The global tourism industry, which has taken hit after hit due to the Covid-19 pandemic and waves of its variants, is “very resilient” and will stage a comeback, the chief of the UN’s global tourism body has said in an interview.
Zoritsa Urosevic, Executive Director of the UN World Tourism Organization (UNWTO), has said in an interview to UN News that the “future is bright” for the sector.
Tourists “will come back” and the sector will recover, she said.
Her words may be especially good news for the MENA region, where various stakeholders are already dependent — in various capacities — for tourism to propel their economy.
The tourism situation so far
The outlook should bring a smile to the global tourism industry in general and the industry stakeholders in the MENA region in particular.
After all, this is the same UNWTO that said last year that the Covid-19 pandemic was costing the sector $2 trillion in revenues, as countries locked down and barred international flights.
UNWTO head Zurab Pololikashvili had said back then: “It’s a historical crisis in the tourism industry but again tourism has the power to recover quite fast. I really hope that 2022 will be much better than 2021.”
Urosevic, in her interview, further clarified the matter when she said: “Developed countries were much better prepared to support the hit, mostly with financial packages to support the industry and small businesses, and to try to preserve people’s jobs. Developing countries have been really struggling to do that.”
She explained: “Basically, it’s like we went back 30 years in 2020.”
After all, tourism had apparently been growing steadily by around 4 percent every year over the three decades prior to the pandemic.
“Now we have a situation where we have a lot of supply, a lot of businesses, and no tourists,” she said.
And the effects are being felt everywhere. Tour operators in Morocco, for example, have been protesting against the new Covid-19 restrictions in the country, because they had just begun to see a return to normalcy in business.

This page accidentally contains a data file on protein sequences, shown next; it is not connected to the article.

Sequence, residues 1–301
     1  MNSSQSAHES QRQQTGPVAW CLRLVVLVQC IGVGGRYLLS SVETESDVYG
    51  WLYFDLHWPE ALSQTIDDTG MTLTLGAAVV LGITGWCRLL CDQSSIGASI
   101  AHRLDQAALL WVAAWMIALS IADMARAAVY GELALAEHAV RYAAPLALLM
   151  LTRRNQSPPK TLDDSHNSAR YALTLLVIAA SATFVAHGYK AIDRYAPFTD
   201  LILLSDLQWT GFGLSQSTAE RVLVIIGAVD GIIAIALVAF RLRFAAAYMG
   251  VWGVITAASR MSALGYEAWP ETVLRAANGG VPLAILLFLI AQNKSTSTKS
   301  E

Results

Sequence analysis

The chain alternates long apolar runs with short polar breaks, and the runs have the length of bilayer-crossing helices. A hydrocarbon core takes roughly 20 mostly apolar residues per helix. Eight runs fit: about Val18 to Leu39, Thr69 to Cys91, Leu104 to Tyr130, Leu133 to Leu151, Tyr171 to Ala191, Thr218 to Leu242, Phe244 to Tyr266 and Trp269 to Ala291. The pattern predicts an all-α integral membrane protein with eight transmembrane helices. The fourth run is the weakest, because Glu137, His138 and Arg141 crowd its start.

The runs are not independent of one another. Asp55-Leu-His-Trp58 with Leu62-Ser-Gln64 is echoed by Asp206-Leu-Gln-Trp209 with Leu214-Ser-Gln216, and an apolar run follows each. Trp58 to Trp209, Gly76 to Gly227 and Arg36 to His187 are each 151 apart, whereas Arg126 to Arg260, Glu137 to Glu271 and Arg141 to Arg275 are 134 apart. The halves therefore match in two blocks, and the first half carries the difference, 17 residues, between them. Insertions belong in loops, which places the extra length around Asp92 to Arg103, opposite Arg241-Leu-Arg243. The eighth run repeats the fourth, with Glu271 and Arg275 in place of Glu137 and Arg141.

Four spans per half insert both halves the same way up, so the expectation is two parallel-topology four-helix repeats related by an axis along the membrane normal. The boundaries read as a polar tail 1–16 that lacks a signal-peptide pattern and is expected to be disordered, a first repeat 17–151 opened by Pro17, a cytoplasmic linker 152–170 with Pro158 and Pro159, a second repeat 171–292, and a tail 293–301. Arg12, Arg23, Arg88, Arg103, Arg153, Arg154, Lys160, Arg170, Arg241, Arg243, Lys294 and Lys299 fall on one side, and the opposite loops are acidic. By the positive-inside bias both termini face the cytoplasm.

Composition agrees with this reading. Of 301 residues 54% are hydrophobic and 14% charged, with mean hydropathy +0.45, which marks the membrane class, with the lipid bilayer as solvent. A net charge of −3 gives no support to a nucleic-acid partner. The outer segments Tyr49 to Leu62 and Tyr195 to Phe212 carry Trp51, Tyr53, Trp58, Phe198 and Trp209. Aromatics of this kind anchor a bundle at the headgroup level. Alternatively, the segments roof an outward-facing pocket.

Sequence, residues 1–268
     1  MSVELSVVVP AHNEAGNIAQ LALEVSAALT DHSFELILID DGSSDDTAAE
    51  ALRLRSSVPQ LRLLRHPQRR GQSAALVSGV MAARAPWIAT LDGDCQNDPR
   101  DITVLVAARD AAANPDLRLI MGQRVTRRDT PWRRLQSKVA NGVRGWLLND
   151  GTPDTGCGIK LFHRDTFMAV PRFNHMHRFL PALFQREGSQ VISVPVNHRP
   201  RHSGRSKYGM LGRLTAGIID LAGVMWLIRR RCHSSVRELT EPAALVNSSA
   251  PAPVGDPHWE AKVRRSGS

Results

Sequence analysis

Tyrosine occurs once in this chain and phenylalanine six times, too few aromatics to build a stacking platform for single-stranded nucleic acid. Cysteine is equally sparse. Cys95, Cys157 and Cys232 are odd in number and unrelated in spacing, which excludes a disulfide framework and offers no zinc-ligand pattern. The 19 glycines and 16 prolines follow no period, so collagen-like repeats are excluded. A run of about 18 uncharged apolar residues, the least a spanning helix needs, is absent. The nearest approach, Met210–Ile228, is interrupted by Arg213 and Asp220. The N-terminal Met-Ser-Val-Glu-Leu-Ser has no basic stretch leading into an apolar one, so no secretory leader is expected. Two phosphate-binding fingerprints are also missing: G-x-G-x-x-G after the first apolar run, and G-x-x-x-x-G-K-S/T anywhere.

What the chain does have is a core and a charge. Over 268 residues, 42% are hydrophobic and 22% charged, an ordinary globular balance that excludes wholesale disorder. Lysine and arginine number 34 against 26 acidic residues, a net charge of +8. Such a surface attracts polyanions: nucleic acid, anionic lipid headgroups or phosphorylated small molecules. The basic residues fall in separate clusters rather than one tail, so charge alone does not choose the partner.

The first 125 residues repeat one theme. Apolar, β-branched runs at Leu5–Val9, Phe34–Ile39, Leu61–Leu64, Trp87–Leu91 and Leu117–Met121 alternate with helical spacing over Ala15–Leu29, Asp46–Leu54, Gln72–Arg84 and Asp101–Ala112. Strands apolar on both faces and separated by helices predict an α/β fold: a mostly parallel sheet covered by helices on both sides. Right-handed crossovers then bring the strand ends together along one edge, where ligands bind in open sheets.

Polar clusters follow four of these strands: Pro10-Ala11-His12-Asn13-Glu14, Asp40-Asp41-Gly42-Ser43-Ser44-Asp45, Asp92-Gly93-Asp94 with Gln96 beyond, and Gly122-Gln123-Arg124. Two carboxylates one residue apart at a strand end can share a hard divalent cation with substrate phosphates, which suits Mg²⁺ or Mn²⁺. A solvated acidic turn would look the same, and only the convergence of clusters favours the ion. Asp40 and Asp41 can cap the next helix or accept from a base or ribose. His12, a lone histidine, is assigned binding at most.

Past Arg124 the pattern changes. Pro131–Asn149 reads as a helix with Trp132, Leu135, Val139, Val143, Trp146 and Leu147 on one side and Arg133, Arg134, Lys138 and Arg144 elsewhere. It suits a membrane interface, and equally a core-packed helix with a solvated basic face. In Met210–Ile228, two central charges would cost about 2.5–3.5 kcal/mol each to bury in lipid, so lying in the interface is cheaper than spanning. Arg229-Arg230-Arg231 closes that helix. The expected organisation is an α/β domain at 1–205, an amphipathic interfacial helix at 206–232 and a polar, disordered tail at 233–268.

What needs to be done
Urosevic was being quite straightforward when she said: “For now, we need to improve education and training, but I think the future is bright.”
She added: “Tourists will come back, and they will be more respectful than before: There will be a new path for happiness in tourism and cultural exchange.”
Another thing that will be a matter of concern for the industry for years to come is net-zero tourism.
Now, the COP26 climate conference in Glasgow last year has already got the ball rolling for it with the creation of a coalition that would aim to make tourism more eco-friendly.
And the MENA region has already been working on it. Saudi Arabia has, for example, in October discussed with Spain ways to promote sustainable tourism.
Why the MENA region should take heart
Tourism in the MENA region is a different proposition for different countries.
While the likes of Egypt, Morocco, Tunisia, and Jordan already depend heavily on it for revenue, the UAE and Saudi Arabia have it front and center in their plans to diversify their economy.
Saudi Arabia, for example, sees tourism as such an integral part of its plan to diversify its economy away from oil — as encapsulated in the Saudi Vision 2030 — that it plans to create a million jobs in the sector by the end of the current decade.
It is even pushing ahead with plans for a new airport in Riyadh to facilitate further tourism into the country!
As for the UAE, it has already launched World’s Coolest Winter — the largest campaign of its kind — to attract tourists.
At the emirate level, Dubai was predicted to see its economy to regain its growing momentum in 2022 on the back of the tourism and retail sectors.
This was after a year of lackluster tourist visits that shrunk the sector almost 11 percent in Dubai.
Now, if Urosevic’s predictions are anything to go by, the world in general and the MENA region in particular — where most Arab countries have seen quite high rates of vaccination — could look forward to a resurgence in tourism.